How can we deliver Redundancy Notifications with Empathy and Efficiency?

3 min read

Redundancy is an unpleasant experience for everyone. It is unpleasant for those who are made redundant; for those who have to make the redundancy decision; for those who have to report it; and for those who remain in the company. Redundancy is a crisis and should be managed as such.

With an uncertain future – it is harder to invest in Estonia because of the geographical risk, Estonia’s exports are falling and the economy is shrinking, and the technology sector is fast becoming profitable – every week there is news of a redundancy decision. Redundancies are often carried out in a way that goes harder than planned and strong brands built up over many years take a heavy reputational hit. How can redundancies be communicated in a way that minimises the damage to a company’s reputation and its people?

  1. Plan your messages and the redundancy process in advance. Take into account that it will all take time, so bring along the necessary partners. If there is no in-house legal, communications or human resources expertise, bring it in temporarily to the crisis team. Considering the damage that may be caused by redundancy (in effect, the restructuring of the business), this is a justified cost. It is an investment in building the future of the company.
  2. Communicate the redundancy to the whole organisation together first. Get people together. Remember that information must be based on facts. Colleagues will start leaking and openly criticising the employer if they read information about the redundancy that they believe is not true – this is unavoidable. Bear in mind that anything you say can quickly be leaked to the press. It’s important to pass on information about what has been decided, what the processes are going forward and what support the company is offering to those made redundant. Afterwards, the manager’s presentation should also be sent as a memo to people. Be aware that the contents of this may also be quickly leaked to the press.
  3. In terms of messaging, it is important to communicate that the redundant person is not to blame – that is the difference between redundancy and dismissal. The company is at a turning point in its development, it needs savings and a strong focus to move forward – this is essential – and therefore redundancies must be made.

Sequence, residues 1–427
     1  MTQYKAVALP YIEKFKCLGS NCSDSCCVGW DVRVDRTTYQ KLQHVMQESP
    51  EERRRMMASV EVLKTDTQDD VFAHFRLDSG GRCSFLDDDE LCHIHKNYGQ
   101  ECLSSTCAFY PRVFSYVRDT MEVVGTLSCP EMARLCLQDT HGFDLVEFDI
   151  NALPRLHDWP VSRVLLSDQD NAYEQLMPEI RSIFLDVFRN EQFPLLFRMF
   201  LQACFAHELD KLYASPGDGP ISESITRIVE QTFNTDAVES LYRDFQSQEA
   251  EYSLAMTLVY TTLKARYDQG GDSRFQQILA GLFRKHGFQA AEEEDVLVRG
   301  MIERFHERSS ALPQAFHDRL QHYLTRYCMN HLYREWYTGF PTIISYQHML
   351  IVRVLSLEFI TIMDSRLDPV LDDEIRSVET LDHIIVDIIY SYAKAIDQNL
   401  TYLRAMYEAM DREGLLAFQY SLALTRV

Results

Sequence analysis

4. The values of the company are not the text on the wall, but the tried and tested principles of these difficult times. In the overwhelming majority of cases, the long-term impact of redundancies on communications and the overall brand will depend on how one-to-one meetings are conducted with the redundant and whether people feel that managers are sorry for making this decision. Human chit-chat and support services do not make the redundant employee happy and certainly no redundant employee feels sympathy for the manager. However, after a few months or a year, when feelings have been resolved, many will realise that the process could have been handled much worse, and the actions of people and the companies they lead at critical moments will be seen in hindsight through a different lens. People and companies are remembered for the way they behaved in difficult moments.
  5. Redundancies are also difficult moments for those who remain. People may doubt the sustainability of their organisation, start looking for new jobs, feel demotivated, or lose their jobs. It is also important to support them at this stage and to give them messages about what the company is doing to emerge from the crisis. It is important to say that the leaders have a clear plan for how to achieve the new goals and what the role and perhaps the increased opportunities are for the survivors to share in the success, if they are to get through the difficult times together. It’s important not to fudge here – it’s not possible to say that we are making redundancies because we are doing well. It will upset those who have been made redundant as well as those who remain. But this difficult moment is an opportunity to communicate a plan to build a better future and to get people thinking and acting with us.
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